Friday, June 24, 2016

Training Dentists to Safely Prescribe Opioids

prescription opioids
We cover the use of prescription opioids quite often, due to the fact of both over prescribing and over reliance on drugs like oxycodone has resulted in an unprecedented epidemic in this country. While prescription opioids take the prize as being the most effective form of pain management, the risks of prescribing such drugs often times outweighs the benefits.

Now, over a decade and a half into this insidious opioid crisis, both health experts and lawmakers continue to fight an uphill battle in an attempt to stem the tide. That is not to say that strides have not been made, but in all reality it is still quite easy to go to a doctor and walk out with a prescription. In fact, many doctors are resistant to guidelines and recommendations from national agencies, such as the Centers for Disease Control and Prevention (CDC).

Hopefully, in time, more and more doctors will come to realize that the future of this epidemic is in their hands. Setting over-prescribing aside, it is worth pointing out that many doctors fail to mention the dangers associated with opioid analgesics before handing their patients prescriptions. Patients often think that because a drug came from a doctor, it must be safe. It goes without saying that prescription opioids are the furthest thing from safe, as is evident by the fact that over 2 million Americans abuse that class of drugs.

When discussing opioid narcotics, most people think of primary care physicians, pain management specialists and emergency department doctors; however, there is another field of medicine that is often overlooked—that of dentistry. Anyone who has ever had a toothache or needed to have their wisdom teeth pulled, knows all too well that the mouth can be a great source of pain. It is not uncommon for dentist to use opioids for surgery or to write prescriptions for Percocet post-op.

In fact, a Harvard research team found that dentists are one of the top prescribers of prescription opioids, NBC News reports. What’s more a number of people with prescription opioid use disorders began their use with a prescription written by their dentist. It is vital that dentistry students, and medical students alike, be given specific training about safe prescribing practices and how to inform future patients about the risks that come with opioid use.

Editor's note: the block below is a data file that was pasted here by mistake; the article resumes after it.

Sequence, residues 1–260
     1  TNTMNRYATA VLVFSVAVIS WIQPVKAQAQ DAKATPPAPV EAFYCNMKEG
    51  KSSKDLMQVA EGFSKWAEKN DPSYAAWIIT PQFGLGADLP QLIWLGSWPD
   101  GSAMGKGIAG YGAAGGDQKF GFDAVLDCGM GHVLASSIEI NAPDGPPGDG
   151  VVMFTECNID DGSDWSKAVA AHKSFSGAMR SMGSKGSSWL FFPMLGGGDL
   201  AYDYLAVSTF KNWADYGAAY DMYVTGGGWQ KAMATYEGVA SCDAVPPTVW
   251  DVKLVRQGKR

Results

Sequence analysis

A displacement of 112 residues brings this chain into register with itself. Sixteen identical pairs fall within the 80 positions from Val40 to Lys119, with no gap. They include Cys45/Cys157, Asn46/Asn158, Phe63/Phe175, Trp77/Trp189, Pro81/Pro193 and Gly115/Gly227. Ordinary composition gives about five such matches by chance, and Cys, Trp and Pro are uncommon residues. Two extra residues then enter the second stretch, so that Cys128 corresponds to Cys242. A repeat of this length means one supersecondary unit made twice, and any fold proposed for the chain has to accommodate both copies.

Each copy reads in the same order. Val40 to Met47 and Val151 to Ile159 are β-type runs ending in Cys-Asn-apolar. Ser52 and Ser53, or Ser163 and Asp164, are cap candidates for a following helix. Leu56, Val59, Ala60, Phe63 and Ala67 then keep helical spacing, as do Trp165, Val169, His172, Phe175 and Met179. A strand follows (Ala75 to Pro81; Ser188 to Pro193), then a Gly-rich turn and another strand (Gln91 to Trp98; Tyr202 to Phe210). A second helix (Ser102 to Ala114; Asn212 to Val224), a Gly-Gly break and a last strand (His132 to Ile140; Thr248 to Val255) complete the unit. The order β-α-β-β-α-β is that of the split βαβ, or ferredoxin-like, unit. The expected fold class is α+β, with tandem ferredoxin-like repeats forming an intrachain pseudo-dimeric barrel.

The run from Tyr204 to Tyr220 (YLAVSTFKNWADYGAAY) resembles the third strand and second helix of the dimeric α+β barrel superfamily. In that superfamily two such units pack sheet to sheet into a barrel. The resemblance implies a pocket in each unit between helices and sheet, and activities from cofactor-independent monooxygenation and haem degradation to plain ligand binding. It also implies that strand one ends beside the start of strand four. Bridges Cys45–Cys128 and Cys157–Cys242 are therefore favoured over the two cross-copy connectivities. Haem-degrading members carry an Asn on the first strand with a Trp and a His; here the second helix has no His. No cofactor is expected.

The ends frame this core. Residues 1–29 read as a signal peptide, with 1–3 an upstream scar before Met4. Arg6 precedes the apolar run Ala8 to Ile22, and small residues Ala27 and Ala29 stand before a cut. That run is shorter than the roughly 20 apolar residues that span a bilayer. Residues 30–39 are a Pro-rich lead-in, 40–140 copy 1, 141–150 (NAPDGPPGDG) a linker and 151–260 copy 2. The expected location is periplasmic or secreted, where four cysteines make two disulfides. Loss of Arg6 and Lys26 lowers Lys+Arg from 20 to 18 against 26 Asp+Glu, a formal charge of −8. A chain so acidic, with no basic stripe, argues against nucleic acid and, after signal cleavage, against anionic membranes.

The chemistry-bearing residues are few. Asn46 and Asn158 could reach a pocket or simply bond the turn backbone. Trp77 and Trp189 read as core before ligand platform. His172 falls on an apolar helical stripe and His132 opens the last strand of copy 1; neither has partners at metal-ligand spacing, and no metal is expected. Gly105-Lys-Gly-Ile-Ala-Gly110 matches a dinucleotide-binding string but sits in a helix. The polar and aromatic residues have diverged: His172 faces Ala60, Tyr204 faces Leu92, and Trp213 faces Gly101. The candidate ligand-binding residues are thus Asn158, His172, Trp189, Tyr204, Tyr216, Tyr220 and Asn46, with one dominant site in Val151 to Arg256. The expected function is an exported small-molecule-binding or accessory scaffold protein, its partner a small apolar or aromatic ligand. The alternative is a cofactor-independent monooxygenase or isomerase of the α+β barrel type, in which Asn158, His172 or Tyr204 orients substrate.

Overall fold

At the University of Pittsburgh School of Dental Medicine, dental students are being taught to explain to their patients how to take opioids as safely as possible, according to the article. Writing a two-week prescription that is not refillable is a measure being taught to the students.

“I think we find today that prescribing needs to include both education as well as dispensing,” said Dr. Paul Moore, professor of pharmacology and anesthesiology at the University of Pittsburgh School of Dental Medicine. “We teach all of our students here if you’re going to write a prescription for an opioid it is important to follow our checklist that includes the kinds of information that you need to provide that patient.” 

Please take a moment to watch a short video on the subject below:

If you are having trouble viewing the video, you can see it here.

Thursday, June 23, 2016

Stories of Triumph Over Trauma

Surviving trauma


Over the past week or so, many of us have wondered aloud how will those traumatized by the latest mass shooting survive? How will their day to day lives change? Will they be able to move on from their personal trauma? With 24-hour news media coverage we are able to witness the grief and pain...as well as, survivors being able to share their stories. And we come to realize that allowing one to tell their story can be the first step in trauma recovery.

The Essence of Resilience: Stories of Triumph Over Trauma


This October 11, 2016, a new book The Essence of Resilience: Stories of Triumph Over Trauma by Tanya Lauer and Kathleen Parrish will be available via Amazon and you can pre-order copies now and have them available for friends and family.

According to Amazon's overview, Lauer and Parrish seek to assist those dealing with trauma by offering answers as to why some survivors find a "gift in their wound."

"When trauma enters the lives of the unsuspecting, it steals from their very soul. It not only robs them of peace and joy, it can take years and decades from their lives while they desperately try to fill the hole in their heart, pretending that their soul isn't leaking out of it. No one is ever prepared for trauma and no one is ever left unchanged by traumatic events. In the face of such adversity, what allows one person to find the gift in their wound and another to suffer endlessly?"